The history of chocolate
The Theobroma cacao tree, to use its scientific name, provides us with one of the world´s most delicious foods-chocolateTheobroma is a Greek word meaning ‘food of the gods’. The tree originally comes from the Amazon region of South America. Hand-sized pods that grow on the tree contain cacao seeds-often called ‘cocoa beans’.These seeds, or beans, are used to make chocolate.
The earliest use and consumption of cacao beans dates back to around 1000 B.C. Later, the Mayan and Aztec civilizations consumed cacao as a drink.They often flavored it with ingredients such as chili peppers, and other spices. It is believed that drinking cups of chocolate was important in Mayan rituals such as wedding ceremonies. Consumingcacao was also believed to have positive effects on health. In Peru, eating or drinking a mixture of chocolate and chili was said to be good for the stomach. The Aztecs thought it cured sicknesses such asdiarrhea, and believed it was aphrodisiac. Their ruler, Montezuma, was said to have drunk fifty cups day!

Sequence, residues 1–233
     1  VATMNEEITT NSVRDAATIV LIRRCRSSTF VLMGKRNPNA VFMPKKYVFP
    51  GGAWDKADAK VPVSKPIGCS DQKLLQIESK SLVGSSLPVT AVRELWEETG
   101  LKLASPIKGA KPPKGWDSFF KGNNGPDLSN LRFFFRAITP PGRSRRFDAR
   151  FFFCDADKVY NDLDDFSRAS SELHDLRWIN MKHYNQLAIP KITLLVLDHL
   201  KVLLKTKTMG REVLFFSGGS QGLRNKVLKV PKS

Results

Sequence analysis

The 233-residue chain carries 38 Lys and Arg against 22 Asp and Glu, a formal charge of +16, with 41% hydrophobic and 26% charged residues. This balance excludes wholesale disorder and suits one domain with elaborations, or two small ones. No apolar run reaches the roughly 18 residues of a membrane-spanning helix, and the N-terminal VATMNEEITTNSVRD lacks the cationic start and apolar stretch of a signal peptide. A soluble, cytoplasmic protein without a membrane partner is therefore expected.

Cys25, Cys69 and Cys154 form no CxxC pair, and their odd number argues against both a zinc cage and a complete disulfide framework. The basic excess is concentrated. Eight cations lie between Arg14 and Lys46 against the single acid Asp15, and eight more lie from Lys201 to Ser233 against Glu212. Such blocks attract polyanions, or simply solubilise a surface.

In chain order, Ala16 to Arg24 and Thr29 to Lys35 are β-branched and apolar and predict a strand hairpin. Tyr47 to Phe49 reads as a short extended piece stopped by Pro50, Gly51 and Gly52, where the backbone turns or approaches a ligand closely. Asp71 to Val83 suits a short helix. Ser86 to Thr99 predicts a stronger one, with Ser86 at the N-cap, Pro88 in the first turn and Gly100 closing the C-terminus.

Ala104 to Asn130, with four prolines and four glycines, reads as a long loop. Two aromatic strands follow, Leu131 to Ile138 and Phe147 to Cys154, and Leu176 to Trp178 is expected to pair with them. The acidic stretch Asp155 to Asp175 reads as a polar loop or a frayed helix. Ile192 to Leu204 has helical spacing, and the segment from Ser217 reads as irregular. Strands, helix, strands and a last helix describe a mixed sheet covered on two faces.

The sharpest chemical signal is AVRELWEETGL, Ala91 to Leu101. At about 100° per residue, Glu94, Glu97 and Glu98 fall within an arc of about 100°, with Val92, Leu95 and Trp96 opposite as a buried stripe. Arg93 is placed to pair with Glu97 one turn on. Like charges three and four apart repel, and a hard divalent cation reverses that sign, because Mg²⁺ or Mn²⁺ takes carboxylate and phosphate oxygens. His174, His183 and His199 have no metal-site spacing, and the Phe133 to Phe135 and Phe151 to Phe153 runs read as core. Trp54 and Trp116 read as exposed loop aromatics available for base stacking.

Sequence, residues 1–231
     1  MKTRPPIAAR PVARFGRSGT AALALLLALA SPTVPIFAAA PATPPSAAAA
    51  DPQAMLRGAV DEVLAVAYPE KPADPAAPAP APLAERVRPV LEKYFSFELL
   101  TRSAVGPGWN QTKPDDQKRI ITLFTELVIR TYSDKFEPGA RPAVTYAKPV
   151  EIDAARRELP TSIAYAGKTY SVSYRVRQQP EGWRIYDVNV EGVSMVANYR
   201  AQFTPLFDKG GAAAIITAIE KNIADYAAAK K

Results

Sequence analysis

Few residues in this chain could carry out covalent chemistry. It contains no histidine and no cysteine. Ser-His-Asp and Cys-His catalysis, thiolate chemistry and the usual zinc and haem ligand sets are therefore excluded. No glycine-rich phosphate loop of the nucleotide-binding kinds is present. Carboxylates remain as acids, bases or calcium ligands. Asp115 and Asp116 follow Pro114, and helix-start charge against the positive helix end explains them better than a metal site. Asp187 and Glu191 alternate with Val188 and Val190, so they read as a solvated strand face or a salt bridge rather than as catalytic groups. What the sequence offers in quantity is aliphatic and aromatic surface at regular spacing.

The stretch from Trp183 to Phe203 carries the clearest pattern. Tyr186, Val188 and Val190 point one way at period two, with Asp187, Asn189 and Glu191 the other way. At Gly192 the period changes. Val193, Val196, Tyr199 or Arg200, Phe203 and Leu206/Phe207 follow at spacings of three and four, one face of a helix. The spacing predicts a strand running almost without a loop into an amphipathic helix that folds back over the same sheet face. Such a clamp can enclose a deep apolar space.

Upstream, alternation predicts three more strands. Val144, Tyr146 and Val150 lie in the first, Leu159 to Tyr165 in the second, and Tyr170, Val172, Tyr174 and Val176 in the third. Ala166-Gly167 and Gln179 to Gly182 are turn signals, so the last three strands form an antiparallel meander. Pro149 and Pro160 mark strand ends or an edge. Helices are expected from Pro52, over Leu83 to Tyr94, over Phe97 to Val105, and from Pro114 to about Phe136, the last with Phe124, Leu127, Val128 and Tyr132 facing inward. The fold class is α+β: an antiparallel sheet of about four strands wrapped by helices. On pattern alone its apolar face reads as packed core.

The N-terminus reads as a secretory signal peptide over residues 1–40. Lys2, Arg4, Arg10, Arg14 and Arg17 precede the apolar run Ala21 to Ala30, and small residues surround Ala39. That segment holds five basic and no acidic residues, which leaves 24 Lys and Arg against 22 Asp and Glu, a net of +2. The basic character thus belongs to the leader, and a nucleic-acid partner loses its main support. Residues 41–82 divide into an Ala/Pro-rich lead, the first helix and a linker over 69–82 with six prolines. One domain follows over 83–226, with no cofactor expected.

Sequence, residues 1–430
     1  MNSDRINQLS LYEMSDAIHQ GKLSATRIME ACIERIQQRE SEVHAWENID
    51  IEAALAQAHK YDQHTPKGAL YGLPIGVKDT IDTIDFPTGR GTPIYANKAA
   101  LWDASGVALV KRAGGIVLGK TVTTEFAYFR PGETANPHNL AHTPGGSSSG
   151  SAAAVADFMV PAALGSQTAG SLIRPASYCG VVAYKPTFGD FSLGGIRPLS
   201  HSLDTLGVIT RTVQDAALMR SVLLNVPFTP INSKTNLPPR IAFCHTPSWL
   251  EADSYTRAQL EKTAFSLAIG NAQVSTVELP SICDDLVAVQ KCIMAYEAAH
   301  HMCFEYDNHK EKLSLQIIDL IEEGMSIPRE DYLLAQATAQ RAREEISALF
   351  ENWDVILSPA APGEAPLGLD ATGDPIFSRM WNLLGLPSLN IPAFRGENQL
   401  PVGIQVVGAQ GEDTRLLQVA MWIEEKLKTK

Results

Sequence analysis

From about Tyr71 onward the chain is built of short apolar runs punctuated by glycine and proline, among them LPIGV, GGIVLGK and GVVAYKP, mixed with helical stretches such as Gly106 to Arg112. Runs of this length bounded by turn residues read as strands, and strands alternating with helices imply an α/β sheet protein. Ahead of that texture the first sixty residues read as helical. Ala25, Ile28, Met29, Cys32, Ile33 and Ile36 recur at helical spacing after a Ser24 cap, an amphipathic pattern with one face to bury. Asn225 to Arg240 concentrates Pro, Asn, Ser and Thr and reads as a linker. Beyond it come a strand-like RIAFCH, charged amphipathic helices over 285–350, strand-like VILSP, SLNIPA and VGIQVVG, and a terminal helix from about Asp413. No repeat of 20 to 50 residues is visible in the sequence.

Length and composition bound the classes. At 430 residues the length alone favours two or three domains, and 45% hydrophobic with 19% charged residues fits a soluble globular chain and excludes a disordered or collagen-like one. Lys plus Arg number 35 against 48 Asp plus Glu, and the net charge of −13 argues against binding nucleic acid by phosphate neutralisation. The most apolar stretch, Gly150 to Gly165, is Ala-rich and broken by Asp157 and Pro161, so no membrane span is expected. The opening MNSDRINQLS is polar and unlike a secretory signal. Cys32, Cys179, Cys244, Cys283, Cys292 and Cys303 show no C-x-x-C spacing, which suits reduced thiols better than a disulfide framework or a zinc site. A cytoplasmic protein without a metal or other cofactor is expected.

Christopher Columbus, along with Spanish explorers, made his fourth voyage across theAtlantic in the early 1500s, and arrived on the coast of Honduras. It was at this time that he first discovered the value of cocoa beans, which were used as currency in many parts of Central America.
Inthe sixteenth century, chocolate was taken back to Spain by Hernando Cortez, another explorer. The Spanish people added ingredients such as sugar and vanilla to make it sweet. It later spread to Francein the seventeenth century after the marriage of Louis XIII to the Spanish princess, Anna, who loved chocolate. The popularity of chocolate continued to spread further across Europe and Americas. Theonly Asian country to adopt it at that time, though, was the Philippines, which the Spanish invaded in the sixteenth century.
As chocolate become more popular, the demand for people to work on...